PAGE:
Arctic. Ancient bronze. Smithcraft




Abstract authors: I.A. Karapetova, V.V. Gorbacheva Album compiler: K.Yu.Solovyeva

Ancient bronze

White bronze pendants shaped like beasts or birds are the most widespread type of decoration of the high middle ages epoch recorded in archeological complexes of Western Siberia. Ancient bronze has most often been found in land slips or on the sites of ancient settlements, and some artifacts were found as part of hoards. The tradition of respect to such finds, and attributing sacral properties to them were related to the myth of their origin. The making of such articles was ascribed to mythical ancient inhabitants of Arctic territories. According to the Ob Ugrians’ beliefs, those were their legendary hero ancestors. The Nenets believed that the artifacts had belonged to the Sikhirtya, a mythical people inhabiting the polar tundra before the arrival of the Nenets. In holy places, ancient metal figurines were an integral feature of anthropomorphic images symbolizing patrons of a territory or a trade: they were their servants, assistants, or offerings to a deity. Besides, bronze articles were used as pendants to men’s belts, women’s plait decorations and bags, being simultaneously an amulet and a decoration. This phenomenon is reflected in the epics of northern tribes of Western Siberia. Articles of ancient bronze casting are often found also in our days, in home sanctuaries of the Khanty, Mansi, and Nenets.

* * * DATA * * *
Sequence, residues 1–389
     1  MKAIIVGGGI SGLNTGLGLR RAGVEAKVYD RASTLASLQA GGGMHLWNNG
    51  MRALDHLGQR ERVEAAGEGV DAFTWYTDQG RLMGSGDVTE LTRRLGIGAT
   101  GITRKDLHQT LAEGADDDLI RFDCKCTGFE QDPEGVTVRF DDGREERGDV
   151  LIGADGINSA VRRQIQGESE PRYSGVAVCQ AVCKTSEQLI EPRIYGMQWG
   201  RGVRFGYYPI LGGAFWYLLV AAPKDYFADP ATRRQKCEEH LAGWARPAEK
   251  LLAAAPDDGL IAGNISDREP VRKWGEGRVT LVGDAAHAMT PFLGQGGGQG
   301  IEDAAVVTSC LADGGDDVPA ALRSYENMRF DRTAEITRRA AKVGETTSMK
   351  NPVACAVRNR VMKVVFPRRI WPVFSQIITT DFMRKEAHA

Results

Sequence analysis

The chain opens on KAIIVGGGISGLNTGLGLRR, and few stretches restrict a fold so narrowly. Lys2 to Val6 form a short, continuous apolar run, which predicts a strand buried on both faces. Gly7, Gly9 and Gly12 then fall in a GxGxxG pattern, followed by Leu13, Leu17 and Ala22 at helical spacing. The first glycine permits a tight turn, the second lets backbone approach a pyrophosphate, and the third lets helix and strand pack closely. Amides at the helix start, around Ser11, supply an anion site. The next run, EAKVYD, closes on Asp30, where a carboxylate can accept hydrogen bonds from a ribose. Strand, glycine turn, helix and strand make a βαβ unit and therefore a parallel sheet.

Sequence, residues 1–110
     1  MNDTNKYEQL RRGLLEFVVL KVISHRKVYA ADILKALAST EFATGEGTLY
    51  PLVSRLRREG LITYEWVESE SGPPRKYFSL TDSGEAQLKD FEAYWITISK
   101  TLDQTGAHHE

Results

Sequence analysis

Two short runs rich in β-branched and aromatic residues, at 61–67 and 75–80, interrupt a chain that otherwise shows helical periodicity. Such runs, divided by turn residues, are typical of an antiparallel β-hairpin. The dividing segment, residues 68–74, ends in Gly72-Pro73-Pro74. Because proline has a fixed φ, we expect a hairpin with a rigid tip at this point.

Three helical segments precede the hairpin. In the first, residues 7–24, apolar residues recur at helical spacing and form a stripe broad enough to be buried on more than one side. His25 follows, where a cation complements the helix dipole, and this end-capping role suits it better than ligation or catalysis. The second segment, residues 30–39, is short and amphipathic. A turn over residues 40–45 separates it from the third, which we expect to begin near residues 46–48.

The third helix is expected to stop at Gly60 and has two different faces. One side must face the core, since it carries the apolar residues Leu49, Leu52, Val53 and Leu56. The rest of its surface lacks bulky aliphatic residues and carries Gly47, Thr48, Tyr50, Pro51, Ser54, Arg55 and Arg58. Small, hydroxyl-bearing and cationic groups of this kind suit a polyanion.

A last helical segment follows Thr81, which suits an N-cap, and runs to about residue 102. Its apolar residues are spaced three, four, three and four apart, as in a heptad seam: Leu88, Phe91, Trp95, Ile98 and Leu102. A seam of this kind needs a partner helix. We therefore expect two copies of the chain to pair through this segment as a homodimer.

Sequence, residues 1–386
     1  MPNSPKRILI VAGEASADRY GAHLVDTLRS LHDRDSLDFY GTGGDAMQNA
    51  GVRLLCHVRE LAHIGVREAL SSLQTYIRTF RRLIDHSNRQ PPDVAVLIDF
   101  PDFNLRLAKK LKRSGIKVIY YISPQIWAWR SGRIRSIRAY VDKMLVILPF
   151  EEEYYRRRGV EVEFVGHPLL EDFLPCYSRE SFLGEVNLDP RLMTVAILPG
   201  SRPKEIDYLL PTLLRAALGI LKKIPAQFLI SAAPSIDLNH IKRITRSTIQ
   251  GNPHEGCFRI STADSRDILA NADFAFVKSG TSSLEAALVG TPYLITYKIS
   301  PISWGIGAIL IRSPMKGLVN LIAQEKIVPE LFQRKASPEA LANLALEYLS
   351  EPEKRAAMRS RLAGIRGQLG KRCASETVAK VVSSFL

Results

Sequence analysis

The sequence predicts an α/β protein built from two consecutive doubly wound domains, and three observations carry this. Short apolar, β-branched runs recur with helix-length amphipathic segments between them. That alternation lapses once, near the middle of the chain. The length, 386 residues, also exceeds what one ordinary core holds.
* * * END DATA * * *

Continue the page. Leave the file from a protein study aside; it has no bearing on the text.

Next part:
Man learned metal smelting in the earliest times, which is indicated by archeologists’ finds. The traces of making articles of iron are dated 1st and 2nd centuries BC. At that time, the use of iron started for making working and hunting tools and weapons. Most men of Siberian peoples had hand forging skills, but alongside, there were also master hands in smithcraft. They were asked to make arrowheads, knives, spear blades, and pendants to shaman’s attires. The smiths’ work was equaled to shaman’s gift, and outsiders were forbidden to touch their tools – anvil, hammer, tongs, and bellows. Irina A. Karapetova